As the impacts of climate change become more severe and pervasive, young people and environmental groups are increasingly turning to the courts as a means of indicting governments and corporations for their role in exacerbating the problem. Legal action is not a new tactic for environmentalists. For decades, activists have used the courts to challenge polluting industries and push for stronger environmental regulations. However, what is new is the growing focus on climate change and the youth-led innovative legal strategies that are tailored to the unique challenges of tackling this global crisis.
One young person turning to legal action is 14-year-old Brianna K. (also known as Kū). Kū has heard of, but never seen, the once thriving wildlife along the shores of west Maui, HI, where she lives with her family.
Her elders recount tales of the rich and diverse ecosystems lost over time due to climate change. “We used to see so many different types of seaweed and fish in the same places where you swim now,” Kū’s grandfather tells her. They have also seen that in recent years, the weather in Maui has become unpredictable and has affected much of the family’s crops and ecosystems they depend upon.
Seeing Hawaii’s natural landscape change due to increased tourism and emissions prompted Ku and 13 other young people to take action against the Hawaiian government, which they believe has helped exacerbate climate change in the state. The young people allege that Hawaii violated their constitutional rights by failing to reduce greenhouse gas emissions from the transportation sector. Filed in June 2022, the lawsuit’s main objective is to compel the Department of Transportation to fully decarbonize by 2045. With the backing of US public interest law firms Our Children’s Trust and Earthjustice, the young Hawaiian plaintiffs are determined to fight for a better future for their community.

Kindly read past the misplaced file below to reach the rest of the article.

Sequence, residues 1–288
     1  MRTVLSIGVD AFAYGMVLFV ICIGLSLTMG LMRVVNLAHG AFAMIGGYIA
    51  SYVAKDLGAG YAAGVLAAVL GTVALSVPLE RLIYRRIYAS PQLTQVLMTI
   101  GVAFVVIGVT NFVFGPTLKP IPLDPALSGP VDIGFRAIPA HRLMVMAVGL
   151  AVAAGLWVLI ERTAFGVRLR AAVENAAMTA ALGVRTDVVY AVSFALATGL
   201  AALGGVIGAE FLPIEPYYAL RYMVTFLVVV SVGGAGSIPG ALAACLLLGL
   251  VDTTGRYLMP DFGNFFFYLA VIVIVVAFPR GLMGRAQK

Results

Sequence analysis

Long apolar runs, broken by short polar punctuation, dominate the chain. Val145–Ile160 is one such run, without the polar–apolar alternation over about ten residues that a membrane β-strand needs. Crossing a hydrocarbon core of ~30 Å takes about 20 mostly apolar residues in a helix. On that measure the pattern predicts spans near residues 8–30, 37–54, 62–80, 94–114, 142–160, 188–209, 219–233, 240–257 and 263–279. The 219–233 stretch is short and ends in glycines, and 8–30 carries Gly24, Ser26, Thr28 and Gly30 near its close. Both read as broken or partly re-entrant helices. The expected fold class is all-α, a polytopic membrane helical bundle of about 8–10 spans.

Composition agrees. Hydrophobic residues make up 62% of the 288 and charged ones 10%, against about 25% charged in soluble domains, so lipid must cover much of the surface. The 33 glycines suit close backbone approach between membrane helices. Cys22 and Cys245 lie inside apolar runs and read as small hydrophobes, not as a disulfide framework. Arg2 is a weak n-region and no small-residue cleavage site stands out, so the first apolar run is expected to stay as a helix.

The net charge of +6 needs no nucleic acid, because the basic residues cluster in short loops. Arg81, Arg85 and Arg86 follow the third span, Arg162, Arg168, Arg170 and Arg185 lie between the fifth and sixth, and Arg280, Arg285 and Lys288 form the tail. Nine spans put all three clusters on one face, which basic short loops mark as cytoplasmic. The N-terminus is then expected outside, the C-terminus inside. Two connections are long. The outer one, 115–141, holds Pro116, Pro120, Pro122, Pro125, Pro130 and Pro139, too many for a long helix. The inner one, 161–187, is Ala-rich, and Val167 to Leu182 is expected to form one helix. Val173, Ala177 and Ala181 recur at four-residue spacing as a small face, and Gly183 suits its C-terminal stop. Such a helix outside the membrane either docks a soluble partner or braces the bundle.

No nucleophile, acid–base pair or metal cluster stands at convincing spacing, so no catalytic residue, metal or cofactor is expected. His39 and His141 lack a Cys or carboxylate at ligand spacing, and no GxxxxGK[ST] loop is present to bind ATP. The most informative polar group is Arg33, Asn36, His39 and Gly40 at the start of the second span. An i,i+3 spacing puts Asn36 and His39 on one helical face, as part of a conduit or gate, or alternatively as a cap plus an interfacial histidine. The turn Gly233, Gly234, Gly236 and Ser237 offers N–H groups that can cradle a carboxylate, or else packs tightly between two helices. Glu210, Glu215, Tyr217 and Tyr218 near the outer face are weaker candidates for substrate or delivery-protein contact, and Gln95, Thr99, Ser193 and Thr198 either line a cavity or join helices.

The Rise in Climate Change Lawsuits
According to a report by the Grantham Research Institute on Climate Change, the number of climate change-related cases worldwide has more than doubled since 2015, capping an exponential rise in such litigation over the past several decades. Roughly 800 such lawsuits were filed between 1986 and 2014—a period of nearly 30 years. From 2014 to mid-2022, over 1,200 climate change-related lawsuits were filed in just eight years. These lawsuits are being used as a new form of accountability as they challenge policies, carbon targets and call out polluting industries’ practices of spreading misinformation and delaying emissions reduction.